But by some tellings, these loose joint ventures were incredibly useful for Labor. Shanks-Markovina is credited with forcing federal Environment minister Sussan Ley into announcing an $18 million national policy on koala protection, after a campaign he made with Labor MP Kate Washington. The Ley changes include a crucial koala census which, in theory at least, could form part of state and territory development proposal assessments.

In the middle of last year, Shanks-Markovina aired a 41-minute sit-down interview with then opposition leader Jodi McKay. He has also been invited into the childhood home of Tanya Plibersek and sat down with Bill Shorten and Kevin Rudd for extended chats.

When he threatened the Australian Unemployed Workers’ Union with an ongoing campaign – ostensibly for their criticism of Labor over mutual obligations – the YouTube star boasted about gratitude from senior Labor figures for “taking on these clods”. He says he was contacted by “heavyweights” from Shorten’s office in support.

In a statement to The Saturday Paper, Shanks-Markovina said he was not formally affiliated with the Labor Party. “We receive no funding from or have any formal links with state or federal Labor. If our content was funded by Labor we would have to declare it by law.

“It’s hypocritical of organisations who receive funding from major banks and fossil fuel companies to accuse us of being compromised. We are completely crowdfunded and don’t accept sponsorships or donations from political organisations.”

It’s not unusual for media personalities to have special access to politicians. Journalists do this all the time. Politicians humour commentators either because of their power or, in some cases, because of curious friendships. Plibersek, for example, is on the record as a friend of Alan Jones’s. Labor’s Senator Kimberley Kitching is friendly with Andrew Bolt and often appears on his Sky News show.

By some Labor accounts, Friendlyjordies is no different.

Still, like Jones and Bolt, his catalogue of odious comments and tactics is significant. The comedian defended former NSW opposition leader Luke Foley, who resigned in disgrace after allegations he sexually assaulted a journalist at a function.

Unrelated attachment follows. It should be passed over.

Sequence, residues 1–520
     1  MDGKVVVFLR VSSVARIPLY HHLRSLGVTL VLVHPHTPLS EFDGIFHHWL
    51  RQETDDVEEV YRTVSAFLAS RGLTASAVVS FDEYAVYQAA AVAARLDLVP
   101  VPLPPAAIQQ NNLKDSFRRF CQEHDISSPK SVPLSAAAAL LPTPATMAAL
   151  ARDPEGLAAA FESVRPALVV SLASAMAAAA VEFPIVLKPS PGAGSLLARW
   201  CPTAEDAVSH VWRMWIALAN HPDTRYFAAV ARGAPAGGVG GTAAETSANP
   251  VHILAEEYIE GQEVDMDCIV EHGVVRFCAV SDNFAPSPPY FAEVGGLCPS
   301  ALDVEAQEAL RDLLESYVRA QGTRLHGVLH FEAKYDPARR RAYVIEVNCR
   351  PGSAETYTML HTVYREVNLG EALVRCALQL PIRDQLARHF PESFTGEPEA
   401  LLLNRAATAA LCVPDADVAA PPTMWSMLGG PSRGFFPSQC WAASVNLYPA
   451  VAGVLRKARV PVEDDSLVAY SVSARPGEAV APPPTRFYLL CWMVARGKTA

“It’s just his word against hers. Fired as opposition leader for grabbing someone’s arse while you’re drunk? I don’t know about that,” he said in a video.

He has also downplayed the systemic torture and servitude of China’s Uygur population in Xinjiang, at the hands of the Chinese Communist Party, because they brought it on themselves. “The reason the Uygur population is detained is because they’re causing trouble,” he said. “That is actually the reason.”

It would take many more paragraphs to detail the rest of the transgressions, but they cross the streams of racism and frequent sexism. Many are the women who have received his scorn. He referred to one, a Coalition MP, as a “whiny little bitch”.

Last year, Shanks-Markovina mocked First Peoples’ attachment to sacred Djab Wurrung trees in Victoria. “When Indigenous people were saying that that’s a sacred tree, no,” he said. “Like, science is science.”

During his skirmishes with the Unemployed Workers’ Union, the comedian laughed at the idea its organisers were fighting for a living wage.

“Unions are supposed to represent workers,” Shanks-Markovina said. “You’re unemployed. They send reports to the senate that basically sit there and say ‘we demand a wage for ourselves because we don’t have the serotonin to get ourselves a job’. Oh, okay. So you’re lazy … I’m sorry but these people are just complete blights on the universe.”

By November last year, a Friendlyjordies community producer publicly announced his resignation from the outfit.

“The continual and ongoing handling of controversies, both past and present, internally and externally, has driven me to part ways with the team and the show,” the producer said.

“I feel I cannot continue to work on and support Friendlyjordies in good conscious [sic]. Somewhere along the way the channel and the show that I once loved lost its way and I cannot continue to help spread a message that I no longer wholeheartedly believe in.”

 

What Langker’s lawyer has yet to see is a victim statement from Barilaro.

“That is the cornerstone of any charge like this,” Davis says. “Normally police will take a notebook statement that empowers them to take their first steps, and the victim follows up with a formal typed and signed statement in the following days. We are looking forward to seeing either of those documents.”

Langker was charged with two counts of “stalk/intimidate intend fear physical etc harm (personal)”.

Since the arrest, Shanks-Markovina has released a video condemning Barilaro, saying he needs to resign and the arrest needs to be referred to the NSW Independent Commission Against Corruption. “This is the end of the line for John,” he says, “because if it’s not, NSW goes from state to police state.”

The man with the messiah complex has become a martyr. For his part, Barilaro did not respond to questions.

This article was first published in the print edition of The Saturday Paper on Jun 19, 2021 as "The police, the YouTube star and the Labor Party".

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Rick Morton is The Saturday Paper’s senior reporter.